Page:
My North Ronaldsay Arrow Shawl

Goodmorning, I hope everyone is having a lovely weekend. Yesterday I took myself off in my car to Haxby which is a village north of York city in search of real bread so very little knitting took place. I did, however, finally decide which Hap I was going to knit for the Knit British Hapalong that’s hap-pening (gotta love a pun eh?) on Ravelry right now. Anyway, I shall post properly about that next week. This week I want to post about my Arrow shawl because I never posted about it as a FO and whenever I wear it I get lots of lovely comments about it.


I knit the arrow out of two skeins of North Ronalsay 2ply that I got from Baaramewe years ago. Knitting this was an absolute joy because the yarn was so beautiful to knit with and the different options to decide how your shawl will turn out. I loved how it took the whole idea of knitting something personally unique one step further without having to actually do maths yourself. Totally brilliant! Ysolda has been one of my favourite designers since I joined Ravelry and this has to be my favourite of all her patterns so far.

My final choices for the clues were 1B, 2A, 3B, 3A, 3A, 3A, 4B, 5A. This enabled me to use up all of the two skeins that I bought and gave me a lovely big shawl to keep my neck and shoulders warm. I actually needed to spin some North Ronalsay roving to complete the last 6 rows because I ran out and the yarn was out of stock.


North Ronaldsay yarn has a lovely rustic look to it as you would expect from a primative Breed of sheep that live on the coast of North Ronaldsay eating seaweed for most of the year. There are fine black hairs that run through the yarn that almost look like guard hair but they aren’t stiff or scratchy or noticeable on the skin at all. It’s lovely and soft and light and snuggly with lovely stitch definition. Seriously, if you get the chance to buy some of this, don’t pass it up.



Despite being worn almost continuosly since I knit it, it still looks good as new, no pilling or other signs of wear. I know it’s a shawl and not a garment but it really has been worn and worn. I will definitely be buying more North Ronaldsay yarn in the future, maybe for a Hap shawl in all the various natural shades. Mmm, Hap shawls…

Visit to Baa Ram Ewe

Well my holiday is whizzing by and I haven’t blogged regularly like I promised I would, but I couldn’t let this gem go by without due recognition.

Fiona and I took the train the other day to Headingley in Leeds (well actually two trains) to visit Baa Ram Ewe a fairly new yarn shop.  I had heard about it’s opening from one of the English forums on Ravelry (Baa Ram Ewe now has it’s own group on Ravelry)  and it sounded fantastic so of course it was top of my list of places to visit whilst on holiday in Yorkshire.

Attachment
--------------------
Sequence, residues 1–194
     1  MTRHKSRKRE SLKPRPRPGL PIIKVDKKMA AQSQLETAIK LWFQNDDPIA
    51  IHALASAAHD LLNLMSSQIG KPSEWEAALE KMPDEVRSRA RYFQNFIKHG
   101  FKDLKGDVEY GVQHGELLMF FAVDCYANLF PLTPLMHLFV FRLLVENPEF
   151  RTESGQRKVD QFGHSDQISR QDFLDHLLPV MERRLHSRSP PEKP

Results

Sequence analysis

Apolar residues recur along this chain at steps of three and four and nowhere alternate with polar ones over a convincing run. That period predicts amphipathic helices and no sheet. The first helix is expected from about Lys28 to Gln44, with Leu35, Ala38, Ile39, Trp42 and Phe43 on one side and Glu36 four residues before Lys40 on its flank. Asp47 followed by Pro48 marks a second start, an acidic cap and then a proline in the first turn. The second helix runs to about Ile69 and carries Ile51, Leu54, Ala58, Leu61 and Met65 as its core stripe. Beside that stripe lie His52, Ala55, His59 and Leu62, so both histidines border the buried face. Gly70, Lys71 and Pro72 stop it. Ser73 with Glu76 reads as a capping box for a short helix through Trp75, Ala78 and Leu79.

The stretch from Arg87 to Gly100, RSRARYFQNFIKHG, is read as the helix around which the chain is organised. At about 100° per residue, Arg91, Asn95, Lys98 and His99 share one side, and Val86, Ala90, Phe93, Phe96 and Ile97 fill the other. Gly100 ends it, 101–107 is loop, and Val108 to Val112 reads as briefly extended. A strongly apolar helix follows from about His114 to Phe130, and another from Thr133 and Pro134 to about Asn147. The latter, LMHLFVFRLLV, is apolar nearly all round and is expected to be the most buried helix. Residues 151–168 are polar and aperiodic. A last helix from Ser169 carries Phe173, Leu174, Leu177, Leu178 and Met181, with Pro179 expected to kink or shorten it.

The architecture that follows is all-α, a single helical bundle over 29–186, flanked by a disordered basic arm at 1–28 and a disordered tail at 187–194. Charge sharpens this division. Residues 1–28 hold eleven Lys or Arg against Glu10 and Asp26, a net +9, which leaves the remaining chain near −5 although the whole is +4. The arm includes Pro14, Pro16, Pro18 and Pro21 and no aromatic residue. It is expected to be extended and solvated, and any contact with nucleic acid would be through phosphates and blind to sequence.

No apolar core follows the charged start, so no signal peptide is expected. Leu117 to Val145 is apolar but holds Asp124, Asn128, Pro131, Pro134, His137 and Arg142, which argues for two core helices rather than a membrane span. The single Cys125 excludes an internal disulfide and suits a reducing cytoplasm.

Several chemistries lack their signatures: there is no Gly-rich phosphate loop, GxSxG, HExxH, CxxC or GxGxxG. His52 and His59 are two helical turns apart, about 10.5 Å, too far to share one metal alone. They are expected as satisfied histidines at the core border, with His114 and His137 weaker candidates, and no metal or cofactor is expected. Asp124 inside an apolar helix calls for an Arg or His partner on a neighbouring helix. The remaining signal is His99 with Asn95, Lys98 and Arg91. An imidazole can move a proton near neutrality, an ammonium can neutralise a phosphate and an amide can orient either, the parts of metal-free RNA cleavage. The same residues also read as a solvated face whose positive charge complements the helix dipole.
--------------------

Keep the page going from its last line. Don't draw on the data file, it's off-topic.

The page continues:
The shop is really easy to find from the train station, about a 15 minute walk, as it is on Otley road and opposite the Arndale centre, just ask anyone  you pass on the street and they will direct you (Yorkshire people being the friendliest on the planet and everything).

First sight of the shop told us we were in for a treat, and we weren’t wrong.

Loving the totally cute open/closed sign made by the owner Verity.

This place truly is THE place to come for British and particularly Yorkshire yarn and knitterly goodness, we were blown away by all the pretties on offer and Verity’s welcoming friendliness (Yorkshire lass you see!).

The place has a real community spirit too, and we both love the knitted bunting a great way to use up scraps we think.

After careful deliberation and much holding back (Verity please take all my money for the rest of my life in exchange for yummy yarn.  No, no, really I don’t need to eat or anything, ever!) I came away with this:

Some Wensleydale Longwool DK in fennel a gorgeous colour, (currently being knitted up as Ishbel by Ysolda Teague), both Ysolda books (yes, I know I have them both as downloads in my Ravelry library but they are so cute), a sheep tape measure (super cute), and a Herdy mug and Herdybank (for yarney pennies). Herdy is the face of the Lake District a gorgeous Herdwick sheep, the kind Beatrix Potter bred and  proceeds from the Herdy range go into maintaining the Lake District so looking cute and doing good, check out

I can honestly say that Baa Ram Ewe is yarntabulous and I am looking forward to the online store so I can buy British Breeds Yarn when I’m back in Melbourne, we had such a great day, thanks a million Verity.